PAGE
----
Review: Little Kid, “Might As Well With My Soul”

Little Kid - "Might As Well With My Soul"

Toronto’s Little Kid have created a perfect carousel of gentle, quirky, alt-rock sonic pleasures with “Might As Well With My Soul.”

At times relaxed… sometimes jarring and propulsive, elsewhere honeyed and sugary… the instrumentation melds languidly with the eloquent, sometimes quivering vocals. Songs glow, mesmerizing like a candle flame blowing in a soft breeze; you can easily get lost in dream.

This self-recorded and produced record is brimming with familiar melodies which aid in its timelessness.  Bassist Paul Vroom masterfully handled engineering/mixing/mastering duties for the group.  Production is clear, yet soft and inviting.

Everything about this record is so perfect yet, somehow seems effortless.  Far too often artists overwhelm the listening experience.  Since the development and ease of access to multi-tracking DAW programs like Protools, it’s been rare for bands to show constraint and let space between notes and instruments linger.  If Elliott Smith had somehow accompanied Black Rebel Motorcycle Club when they recorded “Howl,” it could have sounded like this.

Beginning with the simple organic sounding piano and Kenny Boothby’s evocative voice “The Only Light” gently starts the proceedings.  This segues extremely well to the laid-back drum beat and soothing harmonica of “Two Invitations.”   After these opening tracks, when you might reckon to have a handle on what Little Kid’s sound is, you get “Love Minus Seven/No Livin’.” Here, the band’s idiosyncrasies begin emerge as off-kilter guitars and oscillating synths are added to the mix. Their sound is expanded even further on my favorite tune “In The Red” which introduces some velvet covered distorted guitars, reminiscent of the Wilco’s Nils Cline or the late great Robert Quine.   The stereo dueling guitar shrieks that end the song are euphoric.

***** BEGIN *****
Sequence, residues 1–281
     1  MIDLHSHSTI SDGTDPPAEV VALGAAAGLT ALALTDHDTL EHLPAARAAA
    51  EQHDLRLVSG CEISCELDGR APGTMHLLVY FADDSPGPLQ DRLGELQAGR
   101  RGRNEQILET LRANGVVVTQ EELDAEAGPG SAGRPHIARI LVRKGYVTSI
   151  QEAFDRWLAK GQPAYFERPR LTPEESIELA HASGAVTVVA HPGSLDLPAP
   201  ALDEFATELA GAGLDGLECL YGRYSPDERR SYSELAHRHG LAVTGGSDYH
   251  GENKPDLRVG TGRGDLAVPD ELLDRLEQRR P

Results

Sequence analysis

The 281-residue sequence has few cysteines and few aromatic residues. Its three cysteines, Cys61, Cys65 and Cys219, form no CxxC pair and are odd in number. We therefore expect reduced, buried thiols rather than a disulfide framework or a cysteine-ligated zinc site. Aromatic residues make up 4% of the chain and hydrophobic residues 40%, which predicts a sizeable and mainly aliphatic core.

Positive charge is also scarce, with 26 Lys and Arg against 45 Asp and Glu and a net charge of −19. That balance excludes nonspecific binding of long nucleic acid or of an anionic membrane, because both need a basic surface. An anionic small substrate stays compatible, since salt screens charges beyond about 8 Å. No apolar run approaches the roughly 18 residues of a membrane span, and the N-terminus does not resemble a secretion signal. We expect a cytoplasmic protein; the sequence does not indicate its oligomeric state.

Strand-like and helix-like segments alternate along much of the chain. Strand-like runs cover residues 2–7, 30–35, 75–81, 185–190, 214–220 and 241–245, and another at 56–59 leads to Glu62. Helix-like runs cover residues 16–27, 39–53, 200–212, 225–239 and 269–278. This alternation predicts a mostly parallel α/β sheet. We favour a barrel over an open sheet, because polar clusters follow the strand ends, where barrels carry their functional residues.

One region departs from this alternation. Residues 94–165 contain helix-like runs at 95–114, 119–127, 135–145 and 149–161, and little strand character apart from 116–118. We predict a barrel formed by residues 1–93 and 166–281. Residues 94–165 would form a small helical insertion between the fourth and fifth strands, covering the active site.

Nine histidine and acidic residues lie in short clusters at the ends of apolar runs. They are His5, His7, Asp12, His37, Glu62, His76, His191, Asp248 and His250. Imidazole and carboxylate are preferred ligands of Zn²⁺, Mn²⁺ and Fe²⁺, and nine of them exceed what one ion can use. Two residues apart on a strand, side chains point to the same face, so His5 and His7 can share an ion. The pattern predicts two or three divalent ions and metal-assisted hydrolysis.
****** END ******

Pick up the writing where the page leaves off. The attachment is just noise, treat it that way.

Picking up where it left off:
Following the first half’s increased frenzy, “A Road In My Mind” returns the listener to a softer sound.  The album’s second portion is more cohesive in sound but no less enjoyable. The tender, pensive and expressive piano-led “Receiver” is probably my second favorite track. Well… actually, I just listened to it again… maybe this is my favorite track. It’s honestly tough to pick.  The soft acoustic guitar of “Easy or Free” strums like lullaby and gently bookends the album as it began.

Songs are sequenced perfectly and should be enjoyed as a whole for the correct effect.  This is an Album, capital A.    This includes a gorgeous cover painting by Toronto artist James Chia Han Lee.  This album and artwork are so majestic, I’m really disappointed there isn’t a vinyl pressing planned yet.

A prolific band, this is Little Kid’s fifth release overall and third in as many years.  Their Bandcamp page has streaming and physical copies in CD and cassette. I highly recommend you consider taking some time to check them out.

For fans of: Built to Spill, Elliott Smith, Wilco, Lambchop

“Might As Well With My Soul” is available 24 August – order on Little Kid’s Bandcamp page.

A bit of a Renaissance man, Steve Murphy is a singer-songwriter, author, and journalist based out of London, Ontario. An avid vinyl collector and audiophile, his personal collection of albums is wide ranging and in the thousands, including four released from his band Westminster Park.

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